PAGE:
ENGULFED by India, its giant neighbour to the west, north and east, Bangladesh can look small. But it is the world’s eighth most populous country, with one of its fastest-growing economies. And its location, between India and South-East Asia, with a long littoral on the Indian Ocean, puts it in the thick of things, geopolitically speaking.
China clearly sees some potential. Xi Jinping, its president, visited last year and pledged $15bn in loans. China is Bangladesh’s biggest trading partner—and arms make up a good chunk of that trade. Two Chinese submarines arrived on credit in March. Bangladesh is the third-biggest buyer of Chinese arms, after two other neighbours of India.
India is responding with a charm offensive of its own. When Bangladesh’s prime minister, Sheikh Hasina, made a four-day state visit to Delhi that concluded on April 10th, her Indian counterpart, Narendra Modi, made sure she did not go back empty-handed. He offered $5bn in loans, including $1bn for a Russian-backed nuclear plant, Bangladesh’s first; and $500m to buy Indian arms. The two countries signed a defence agreement committing them to deeper co-operation. India promised more cross-border electricity and railway lines.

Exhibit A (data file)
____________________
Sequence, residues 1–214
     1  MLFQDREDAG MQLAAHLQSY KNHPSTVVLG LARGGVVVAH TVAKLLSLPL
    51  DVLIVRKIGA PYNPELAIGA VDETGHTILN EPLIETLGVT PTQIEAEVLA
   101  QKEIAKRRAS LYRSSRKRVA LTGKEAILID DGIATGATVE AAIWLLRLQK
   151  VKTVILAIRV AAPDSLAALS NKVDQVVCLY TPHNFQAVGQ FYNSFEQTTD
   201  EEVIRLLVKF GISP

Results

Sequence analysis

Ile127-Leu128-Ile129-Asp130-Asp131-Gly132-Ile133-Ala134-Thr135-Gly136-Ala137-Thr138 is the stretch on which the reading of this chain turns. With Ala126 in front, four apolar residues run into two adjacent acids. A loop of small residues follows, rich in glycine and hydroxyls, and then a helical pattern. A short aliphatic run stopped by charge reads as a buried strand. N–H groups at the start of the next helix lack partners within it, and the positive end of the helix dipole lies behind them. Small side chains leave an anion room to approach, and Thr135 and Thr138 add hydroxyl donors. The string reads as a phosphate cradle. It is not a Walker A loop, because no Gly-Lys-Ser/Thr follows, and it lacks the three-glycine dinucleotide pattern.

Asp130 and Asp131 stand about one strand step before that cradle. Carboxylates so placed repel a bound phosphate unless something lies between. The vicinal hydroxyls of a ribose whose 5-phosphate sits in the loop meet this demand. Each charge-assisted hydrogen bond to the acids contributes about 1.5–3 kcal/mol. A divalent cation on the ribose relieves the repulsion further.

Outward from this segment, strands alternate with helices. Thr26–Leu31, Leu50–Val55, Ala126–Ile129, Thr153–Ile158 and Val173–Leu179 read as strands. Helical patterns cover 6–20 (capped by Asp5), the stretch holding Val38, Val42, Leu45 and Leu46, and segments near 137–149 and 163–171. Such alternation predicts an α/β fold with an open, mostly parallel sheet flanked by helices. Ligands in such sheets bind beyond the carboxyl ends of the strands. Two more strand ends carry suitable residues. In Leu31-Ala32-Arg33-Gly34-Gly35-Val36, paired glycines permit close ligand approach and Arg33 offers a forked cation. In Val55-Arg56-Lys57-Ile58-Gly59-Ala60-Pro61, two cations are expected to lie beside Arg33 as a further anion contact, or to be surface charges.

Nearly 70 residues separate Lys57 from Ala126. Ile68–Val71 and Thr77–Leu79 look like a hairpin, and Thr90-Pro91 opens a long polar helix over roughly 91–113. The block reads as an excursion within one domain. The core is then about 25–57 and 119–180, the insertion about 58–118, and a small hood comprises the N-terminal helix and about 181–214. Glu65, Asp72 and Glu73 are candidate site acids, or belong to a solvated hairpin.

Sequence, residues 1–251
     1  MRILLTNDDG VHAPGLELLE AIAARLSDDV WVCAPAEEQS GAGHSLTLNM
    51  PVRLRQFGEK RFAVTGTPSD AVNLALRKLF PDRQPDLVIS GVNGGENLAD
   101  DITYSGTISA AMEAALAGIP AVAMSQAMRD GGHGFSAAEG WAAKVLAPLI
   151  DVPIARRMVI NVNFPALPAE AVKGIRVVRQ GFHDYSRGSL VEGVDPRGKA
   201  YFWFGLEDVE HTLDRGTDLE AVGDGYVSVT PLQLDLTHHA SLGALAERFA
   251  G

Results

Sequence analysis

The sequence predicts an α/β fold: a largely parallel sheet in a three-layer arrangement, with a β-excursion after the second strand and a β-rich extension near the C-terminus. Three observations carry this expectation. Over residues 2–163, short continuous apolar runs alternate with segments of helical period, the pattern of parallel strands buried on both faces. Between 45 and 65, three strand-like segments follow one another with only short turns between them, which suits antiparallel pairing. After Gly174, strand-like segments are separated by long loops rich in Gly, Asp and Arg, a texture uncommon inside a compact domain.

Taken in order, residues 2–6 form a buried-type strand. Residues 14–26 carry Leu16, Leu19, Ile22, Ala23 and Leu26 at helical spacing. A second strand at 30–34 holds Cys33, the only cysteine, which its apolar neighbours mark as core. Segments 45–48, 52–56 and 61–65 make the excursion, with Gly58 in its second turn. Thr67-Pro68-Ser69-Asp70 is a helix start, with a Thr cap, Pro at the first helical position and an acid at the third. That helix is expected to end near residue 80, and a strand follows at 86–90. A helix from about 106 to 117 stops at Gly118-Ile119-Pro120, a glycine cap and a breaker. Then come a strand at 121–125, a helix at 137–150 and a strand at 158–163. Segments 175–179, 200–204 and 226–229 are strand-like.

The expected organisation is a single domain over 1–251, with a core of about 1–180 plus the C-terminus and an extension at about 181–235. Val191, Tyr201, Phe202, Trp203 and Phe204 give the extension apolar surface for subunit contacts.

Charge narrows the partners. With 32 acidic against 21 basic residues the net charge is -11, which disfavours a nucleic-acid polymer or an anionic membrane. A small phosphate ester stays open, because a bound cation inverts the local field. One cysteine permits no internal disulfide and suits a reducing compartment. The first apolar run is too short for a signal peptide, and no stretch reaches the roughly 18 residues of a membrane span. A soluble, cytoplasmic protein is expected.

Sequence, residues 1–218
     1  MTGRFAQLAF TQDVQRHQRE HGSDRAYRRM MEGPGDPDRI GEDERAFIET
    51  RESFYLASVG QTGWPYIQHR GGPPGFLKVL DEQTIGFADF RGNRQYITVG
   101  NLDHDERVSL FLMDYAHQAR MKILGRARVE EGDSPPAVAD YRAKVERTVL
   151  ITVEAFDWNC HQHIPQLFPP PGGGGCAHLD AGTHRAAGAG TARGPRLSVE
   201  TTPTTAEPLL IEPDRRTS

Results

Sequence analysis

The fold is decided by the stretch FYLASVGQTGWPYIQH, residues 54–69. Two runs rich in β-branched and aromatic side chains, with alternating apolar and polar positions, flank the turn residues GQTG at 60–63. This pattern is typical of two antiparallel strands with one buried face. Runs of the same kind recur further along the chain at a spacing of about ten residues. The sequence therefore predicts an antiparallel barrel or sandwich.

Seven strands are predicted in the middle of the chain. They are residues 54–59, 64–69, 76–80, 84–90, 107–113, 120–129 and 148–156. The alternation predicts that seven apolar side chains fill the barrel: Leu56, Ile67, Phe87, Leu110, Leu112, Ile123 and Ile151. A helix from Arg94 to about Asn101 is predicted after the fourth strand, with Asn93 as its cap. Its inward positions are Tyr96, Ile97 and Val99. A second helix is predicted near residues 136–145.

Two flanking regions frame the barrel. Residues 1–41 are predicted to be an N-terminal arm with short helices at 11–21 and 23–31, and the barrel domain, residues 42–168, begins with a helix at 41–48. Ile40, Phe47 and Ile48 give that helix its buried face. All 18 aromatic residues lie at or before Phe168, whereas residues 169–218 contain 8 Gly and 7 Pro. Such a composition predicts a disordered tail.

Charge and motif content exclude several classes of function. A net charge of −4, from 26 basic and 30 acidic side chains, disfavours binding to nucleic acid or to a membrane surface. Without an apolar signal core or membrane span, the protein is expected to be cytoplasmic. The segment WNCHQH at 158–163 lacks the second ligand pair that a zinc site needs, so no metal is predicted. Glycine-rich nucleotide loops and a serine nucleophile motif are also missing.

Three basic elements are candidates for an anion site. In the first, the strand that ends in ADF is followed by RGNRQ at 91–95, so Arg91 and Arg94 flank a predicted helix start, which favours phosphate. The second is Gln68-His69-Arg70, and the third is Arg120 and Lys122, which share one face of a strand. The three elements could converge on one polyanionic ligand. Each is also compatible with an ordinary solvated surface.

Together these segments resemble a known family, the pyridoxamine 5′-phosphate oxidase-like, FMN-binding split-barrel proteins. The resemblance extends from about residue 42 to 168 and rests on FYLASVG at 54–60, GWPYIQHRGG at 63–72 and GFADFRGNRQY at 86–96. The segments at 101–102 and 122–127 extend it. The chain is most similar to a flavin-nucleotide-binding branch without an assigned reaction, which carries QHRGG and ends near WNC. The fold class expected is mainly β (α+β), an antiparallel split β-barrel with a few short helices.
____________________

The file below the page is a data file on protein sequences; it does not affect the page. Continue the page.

But there was no progress on what mattered most to Sheikh Hasina: a treaty on how to share the water of the 53 rivers that flow from , Pakistan and Myanmar.
India to Bangladesh. One river in particular, the Teesta, has become the focus of attention. Bangladesh wants the water split evenly, whereas the Indian state of West Bengal claims 55%. Mr Modi has promised to resolve the issue, but his Bharatiya Janata Party (BJP) governs only one of the four states bordering Bangladesh. The chief minister of West Bengal refuses to let him bid away her state’s stake in the Teesta. Sheikh Hasina had made an urgent pitch in the Hindu, an Indian newspaper, arguing “friendship is a flowing river”. She went home shrugging: “We sought water, but got electricity.”
Even if the water of the Teesta was his to give, Mr Modi might find it awkward to become too chummy with Sheika Hasina. Stoking resentment against Muslims, and against illegal immigrants from Bangladesh in particular, has proved a successful electoral formula for the BJP. Sheikh Hasina, for her part, is ignoring the Bangladeshi army’s instinctive suspicion of India to sign the security pact. The opposition Bangladesh Nationalist Party (BNP) has accused her of selling out, and promised to scrap it if it comes to power. The Teesta is another handy stick with which the BNP can beat the government. Geography has thrust India and Bangladesh together, but domestic politics still pushes them apart.
Published in the Economist magazine, April 14th 2017